Let us denote our credence in proposition P at time t as follows: Ct(P).
At t=100, we have C100(P) = 0.7. Then we wait a very very long time. I don't want to write as many zeros as you wrote, so let's just say that after this very long time, the time is t=500. The question is, what should C500(P) be?
First, let's agree (as is extremely common) that credences are updated via Bayesian Conditionalization. That is, C500(P) = C100(P|E), where E denotes all of the evidence we obtain between t=100 and t=500. The idea is that we ask, at t=100: what credence would we have if we happened to learn E? That's C100(P|E). Then we actually observe E. Bayesian Conditionalization says: our new credence C500(P) should be our old conditional credence C100(P|E). And our old conditional credence can be calculated by Bayes' Theorem: C100(P|E) = C100(E|P)C100(P)/C100(E).
You ask us to suppose that we "gather no relevant information about P after t100." Let's take an extreme example of this. Suppose I sit in a black box, staring blankly, until t=500. What evidence have I gathered? Nothing very interesting, but I have gathered some evidence. I've learned the truth of the proposition "I have continued to exist from t=100 to t=500." Now, depending on what P is, this could be relevant information. For example, if P is the hypothesis "I am immortal," and if the time from t=100 to t=500 is ridiculously long for members of my species, presumably my credence in P should go up at t=500. Living for an absurdly long time is good evidence for immortality. But I assume this is not the kind of case you have in mind.
So suppose P is instead the hypothesis "All ravens are black." The fact that I survived from t=100 to t=500 is, intuitively, not relevant information for this hypothesis. And in a probabilistic setting like this, irrelevance entails statistical independence. Let E be all the evidence I learned in my black box. Since E is irrelevant to P, they are statistically independent, so (by definition of independence) C100(E|P) = C100(E). You can check that, given what I said above, it follows that C500(P) = 0.7. My credences haven't changed.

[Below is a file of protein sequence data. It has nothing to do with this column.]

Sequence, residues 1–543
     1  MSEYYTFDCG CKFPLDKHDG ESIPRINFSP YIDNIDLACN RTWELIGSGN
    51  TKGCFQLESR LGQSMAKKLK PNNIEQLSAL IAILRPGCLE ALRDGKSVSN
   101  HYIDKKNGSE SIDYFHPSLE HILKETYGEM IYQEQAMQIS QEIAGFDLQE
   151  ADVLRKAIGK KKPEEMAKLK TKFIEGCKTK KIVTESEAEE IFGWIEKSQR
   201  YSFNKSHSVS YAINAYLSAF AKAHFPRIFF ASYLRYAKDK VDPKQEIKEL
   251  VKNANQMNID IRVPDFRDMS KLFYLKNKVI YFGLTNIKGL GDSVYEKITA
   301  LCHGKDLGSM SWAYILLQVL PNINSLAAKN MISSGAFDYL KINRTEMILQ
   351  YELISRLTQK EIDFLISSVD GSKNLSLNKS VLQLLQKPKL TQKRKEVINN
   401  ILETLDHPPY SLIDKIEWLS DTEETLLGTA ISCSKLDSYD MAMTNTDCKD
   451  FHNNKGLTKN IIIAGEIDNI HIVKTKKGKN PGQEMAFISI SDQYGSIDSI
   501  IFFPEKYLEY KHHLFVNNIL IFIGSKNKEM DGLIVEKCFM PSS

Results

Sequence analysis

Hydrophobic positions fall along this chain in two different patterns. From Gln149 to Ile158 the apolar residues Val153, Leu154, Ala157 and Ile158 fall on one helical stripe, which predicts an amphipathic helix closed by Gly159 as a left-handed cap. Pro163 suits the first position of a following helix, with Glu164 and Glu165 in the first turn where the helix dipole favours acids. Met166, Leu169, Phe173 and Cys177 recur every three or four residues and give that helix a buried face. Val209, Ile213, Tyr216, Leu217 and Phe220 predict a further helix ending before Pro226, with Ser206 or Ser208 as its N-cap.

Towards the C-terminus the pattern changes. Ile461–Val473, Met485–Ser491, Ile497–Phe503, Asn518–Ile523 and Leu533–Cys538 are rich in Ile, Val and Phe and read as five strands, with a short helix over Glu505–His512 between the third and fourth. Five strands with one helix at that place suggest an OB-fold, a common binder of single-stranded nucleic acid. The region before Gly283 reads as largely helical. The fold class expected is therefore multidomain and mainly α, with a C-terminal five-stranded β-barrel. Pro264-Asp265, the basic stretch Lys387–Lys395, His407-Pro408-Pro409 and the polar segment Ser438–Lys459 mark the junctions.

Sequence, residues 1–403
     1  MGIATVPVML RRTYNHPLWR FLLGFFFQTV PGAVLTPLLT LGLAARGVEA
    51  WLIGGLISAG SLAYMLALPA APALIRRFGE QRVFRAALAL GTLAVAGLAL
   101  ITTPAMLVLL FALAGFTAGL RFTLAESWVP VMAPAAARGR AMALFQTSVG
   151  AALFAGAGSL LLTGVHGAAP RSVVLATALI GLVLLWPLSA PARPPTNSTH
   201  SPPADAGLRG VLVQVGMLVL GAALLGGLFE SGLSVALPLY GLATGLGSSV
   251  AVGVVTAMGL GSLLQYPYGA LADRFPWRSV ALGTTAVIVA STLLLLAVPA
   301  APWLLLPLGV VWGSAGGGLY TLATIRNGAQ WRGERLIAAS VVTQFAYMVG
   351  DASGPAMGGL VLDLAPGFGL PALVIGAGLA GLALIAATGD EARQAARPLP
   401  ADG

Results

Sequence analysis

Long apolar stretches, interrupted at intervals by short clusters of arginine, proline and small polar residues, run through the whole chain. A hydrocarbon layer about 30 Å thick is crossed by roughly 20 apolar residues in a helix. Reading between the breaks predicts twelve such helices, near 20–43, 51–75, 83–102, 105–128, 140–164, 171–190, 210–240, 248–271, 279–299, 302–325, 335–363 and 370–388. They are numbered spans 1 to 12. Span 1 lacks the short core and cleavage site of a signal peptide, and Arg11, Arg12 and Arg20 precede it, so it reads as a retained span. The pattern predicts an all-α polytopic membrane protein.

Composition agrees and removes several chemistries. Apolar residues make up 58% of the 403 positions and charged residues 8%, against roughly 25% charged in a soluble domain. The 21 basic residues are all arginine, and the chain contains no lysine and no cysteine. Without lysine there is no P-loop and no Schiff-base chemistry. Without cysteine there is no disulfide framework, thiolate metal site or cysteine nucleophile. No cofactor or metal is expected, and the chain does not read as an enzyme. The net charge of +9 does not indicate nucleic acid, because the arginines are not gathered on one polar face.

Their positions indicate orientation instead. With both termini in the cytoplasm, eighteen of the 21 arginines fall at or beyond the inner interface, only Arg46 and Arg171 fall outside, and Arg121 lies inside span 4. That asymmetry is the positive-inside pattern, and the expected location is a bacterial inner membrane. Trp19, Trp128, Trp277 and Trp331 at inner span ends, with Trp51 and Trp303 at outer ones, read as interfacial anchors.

However, you also suppose that we were "rigorously looking for evidence to (dis)confirm P." Clearly, sitting in a black box doesn't count as rigorously looking for evidence! So suppose we rigorously look for evidence, but still find nothing that we deem relevant to P. In that case, even though we looked and looked, the argument I gave in the previous paragraph remains, and our credences remain unchanged: C500(P) = 0.7.
Now, let's imagine one final case. Suppose our hypothesis P is "Ravens are fairly common on Earth." Then we travel around the globe frantically, looking for ravens, but find nothing. We find no obvious evidence of their presence. We don't find abandoned ravens' nests, or fresh raven skeletons. And we also don't find any obvious evidence that (e.g.) they were all made extinct by some environmental catastrophe. We just looked at a bunch of places, and found nothing obviously raven-related.
In this case, it's tempting to say that we acquired no evidence relevant to P. But in fact we did! We learned the proposition E, namely "I didn't find any ravens, even though I looked long and hard." Now, let's suppose that at t=100 (before we gather this evidence), our credence that we will observe that evidence is low. Let's say C100(E) = 0.5. But notice that, if our hypothesis P ("Ravens are very common on Earth") is true, then we expect the evidence to be very unlikely. For example, let's say C100(E|P) = 0.01. This shows that E and P are not statistically independent. Hence, E cannot be irrelevant to P. But indeed, Bayesian conditionalization tells us that our credence at t=500 should be much less than 0.7.
The moral of the story: if your evidence E is truly irrelevant to P, then observing it cannot change your credences in P.